by Poppy Benson, Friends Board Vice President
It was a busy September for Friends with volunteers helping with the Walks for the Wild, our September meeting and our special event. But three Friends were far afield with Meg Parsons of Anchorage and Mike Coffing of Homer at Izembek Refuge and Caroline Brouwer, currently from Hawaii, at Kodiak Refuge. Here is what they had to say.
The Izembek Quonset Hut Hustle: Wind, Wildlife and Wide-open Views
By Mike Coffing
Winds of 37 knots with gusts to 60+ knots were my welcome to Izembek Refuge at Cold Bay! Although the winds were always blowing, they were usually not as strong and were much more friendly most of our stay. The warm smiles, friendly and supportive Izembek Refuge staff were absolutely amazing. We were there to help clear out a large, WWII era, Quonset hut located 10+ miles north of Cold Bay and near Izembek Lagoon. During each round trip with the pickup truck, hauling 15 loads of equipment and supplies from the Quonset to the Refuge HQ in Cold Bay, our eyes were scanning the roadside “tundra” and open horizons for wildlife. We were never disappointed. After the day’s work of lifting, loading, hauling and unloading supplies, the warm refuge bunkhouse with the full kitchen, hot showers and comfortable beds was most relaxing.
Meg Parsons added:The Quonset hut is huge- unlike any I have seen previously. It was full of an assemblage of Refuge materials- research equipment and building supplies which was very like many homesteads I have experienced. One keeps things since it could be possible to use in the future. pc: Meg Parsons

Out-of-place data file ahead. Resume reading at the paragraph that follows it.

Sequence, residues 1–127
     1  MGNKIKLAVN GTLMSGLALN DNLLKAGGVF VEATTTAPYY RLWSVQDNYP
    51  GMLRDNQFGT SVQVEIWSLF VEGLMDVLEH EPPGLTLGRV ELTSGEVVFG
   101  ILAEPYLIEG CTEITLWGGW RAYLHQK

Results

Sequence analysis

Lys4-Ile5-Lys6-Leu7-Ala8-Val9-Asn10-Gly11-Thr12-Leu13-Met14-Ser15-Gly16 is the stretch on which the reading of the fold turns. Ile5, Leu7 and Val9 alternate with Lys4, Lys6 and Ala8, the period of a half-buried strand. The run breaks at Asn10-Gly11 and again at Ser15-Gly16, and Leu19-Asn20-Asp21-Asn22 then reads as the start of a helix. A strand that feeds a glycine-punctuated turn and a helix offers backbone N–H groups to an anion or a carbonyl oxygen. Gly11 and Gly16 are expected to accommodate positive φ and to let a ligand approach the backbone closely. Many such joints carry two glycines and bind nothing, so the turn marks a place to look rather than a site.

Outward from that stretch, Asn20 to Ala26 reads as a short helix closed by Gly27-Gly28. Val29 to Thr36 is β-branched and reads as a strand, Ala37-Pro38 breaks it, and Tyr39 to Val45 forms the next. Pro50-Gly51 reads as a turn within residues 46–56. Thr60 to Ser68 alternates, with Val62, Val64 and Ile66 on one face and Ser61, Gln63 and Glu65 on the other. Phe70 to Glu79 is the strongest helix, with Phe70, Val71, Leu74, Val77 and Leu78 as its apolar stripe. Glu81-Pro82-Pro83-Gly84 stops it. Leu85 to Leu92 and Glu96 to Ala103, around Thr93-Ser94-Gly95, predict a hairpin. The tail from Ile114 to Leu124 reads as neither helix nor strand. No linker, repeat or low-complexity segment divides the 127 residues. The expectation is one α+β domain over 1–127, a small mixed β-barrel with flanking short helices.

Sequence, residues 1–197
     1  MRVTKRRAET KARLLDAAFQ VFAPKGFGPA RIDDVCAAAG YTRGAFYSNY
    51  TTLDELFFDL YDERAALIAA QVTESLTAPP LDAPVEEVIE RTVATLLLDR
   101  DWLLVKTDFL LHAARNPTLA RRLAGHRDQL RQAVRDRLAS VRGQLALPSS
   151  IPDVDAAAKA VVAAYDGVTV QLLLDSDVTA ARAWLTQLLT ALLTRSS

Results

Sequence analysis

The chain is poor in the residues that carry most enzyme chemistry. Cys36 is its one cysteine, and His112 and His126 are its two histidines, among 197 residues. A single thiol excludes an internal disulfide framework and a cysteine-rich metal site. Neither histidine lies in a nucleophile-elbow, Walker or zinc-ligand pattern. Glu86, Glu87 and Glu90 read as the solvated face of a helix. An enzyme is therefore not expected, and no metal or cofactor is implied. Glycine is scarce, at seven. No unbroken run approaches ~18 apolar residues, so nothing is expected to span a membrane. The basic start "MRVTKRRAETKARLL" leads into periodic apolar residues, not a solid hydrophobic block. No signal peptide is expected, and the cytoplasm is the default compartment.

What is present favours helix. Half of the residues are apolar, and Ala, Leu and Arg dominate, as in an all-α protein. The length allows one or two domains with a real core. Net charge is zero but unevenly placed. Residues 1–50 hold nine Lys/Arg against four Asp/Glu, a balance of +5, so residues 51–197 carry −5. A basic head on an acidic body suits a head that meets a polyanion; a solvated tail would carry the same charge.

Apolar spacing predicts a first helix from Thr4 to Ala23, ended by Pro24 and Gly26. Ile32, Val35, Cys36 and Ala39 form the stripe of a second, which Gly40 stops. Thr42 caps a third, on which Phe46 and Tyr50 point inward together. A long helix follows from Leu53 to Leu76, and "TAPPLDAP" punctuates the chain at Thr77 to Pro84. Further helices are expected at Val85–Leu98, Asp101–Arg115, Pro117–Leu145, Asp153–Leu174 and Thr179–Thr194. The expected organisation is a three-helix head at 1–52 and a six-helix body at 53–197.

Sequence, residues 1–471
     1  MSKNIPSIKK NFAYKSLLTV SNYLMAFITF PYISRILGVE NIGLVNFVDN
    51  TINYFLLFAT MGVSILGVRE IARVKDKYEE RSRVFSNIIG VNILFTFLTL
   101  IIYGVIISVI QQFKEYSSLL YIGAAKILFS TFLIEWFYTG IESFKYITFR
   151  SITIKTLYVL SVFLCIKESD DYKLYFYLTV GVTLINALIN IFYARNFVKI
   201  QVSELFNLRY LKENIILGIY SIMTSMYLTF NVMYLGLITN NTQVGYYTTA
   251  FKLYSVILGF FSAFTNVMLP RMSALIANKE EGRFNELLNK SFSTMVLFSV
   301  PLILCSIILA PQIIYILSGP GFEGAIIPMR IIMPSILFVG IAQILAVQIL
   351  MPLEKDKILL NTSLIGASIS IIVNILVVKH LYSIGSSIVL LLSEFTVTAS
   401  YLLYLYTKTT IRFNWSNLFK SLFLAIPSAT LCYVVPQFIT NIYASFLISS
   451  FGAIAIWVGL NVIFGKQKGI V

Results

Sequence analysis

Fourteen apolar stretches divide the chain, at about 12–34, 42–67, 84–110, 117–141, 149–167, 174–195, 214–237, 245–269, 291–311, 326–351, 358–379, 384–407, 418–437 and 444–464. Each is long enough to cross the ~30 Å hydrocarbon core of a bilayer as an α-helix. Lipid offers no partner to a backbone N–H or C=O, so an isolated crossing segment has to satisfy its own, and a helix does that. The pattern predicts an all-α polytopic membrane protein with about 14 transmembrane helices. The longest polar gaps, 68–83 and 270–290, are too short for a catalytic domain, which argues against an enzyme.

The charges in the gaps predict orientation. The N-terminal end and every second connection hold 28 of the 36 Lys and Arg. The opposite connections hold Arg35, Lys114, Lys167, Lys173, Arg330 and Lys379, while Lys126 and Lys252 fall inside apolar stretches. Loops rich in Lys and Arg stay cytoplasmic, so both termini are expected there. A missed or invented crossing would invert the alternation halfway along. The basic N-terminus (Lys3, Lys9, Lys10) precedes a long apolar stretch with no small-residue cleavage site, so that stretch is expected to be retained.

We got in on one of the biggest local events of the year, the 3-day Labor Day Silver Salmon Derby, where we helped by weighing in fish. A kickoff “Ribs/Chicken and ALL the fixings” dinner, a polar plunge, a bonfire and potluck added to the fun.This annual fundraiser supports the Cold Bay Emergency Services.
Meg Parsons at Russell Creek with her first ever silver salmon. She said of her arrival at Izembek, “I flew from Anchorage to Cold Bay with the view of cloudy blue skies opening up to view the terrain of water, remote islands, and volcanoes. A great start to an area new to me and my excitement was exhilarating!” pc. Laticia Melendez/USFWS
Our last day we accompanied refuge staff when they gave a Refuge tour, using two small busses and two pickup trucks, to arriving passengers on the Alaska Ferry Tustumena from town to Grant’s Point, located at the edge of Izembek Lagoon. Meg added that “I enjoyed extending enthusiasm and appreciation of Izembek to the ferry passengers.”
Working at Izembek Refuge was a great experience. Thanks to Matthew and all the Refuge staff for having us.
An Incredible Time at Kodiak: Bears, Coast and a Wonderful Staff
By Caroline Brouwer
L-R Caroline Brouwer, Sierra Speer, Erin Strand, Patricia Prince, Natalie Fath, Danielle Fujii-Doe in the Kodiak Visitor Center. pc: USFWS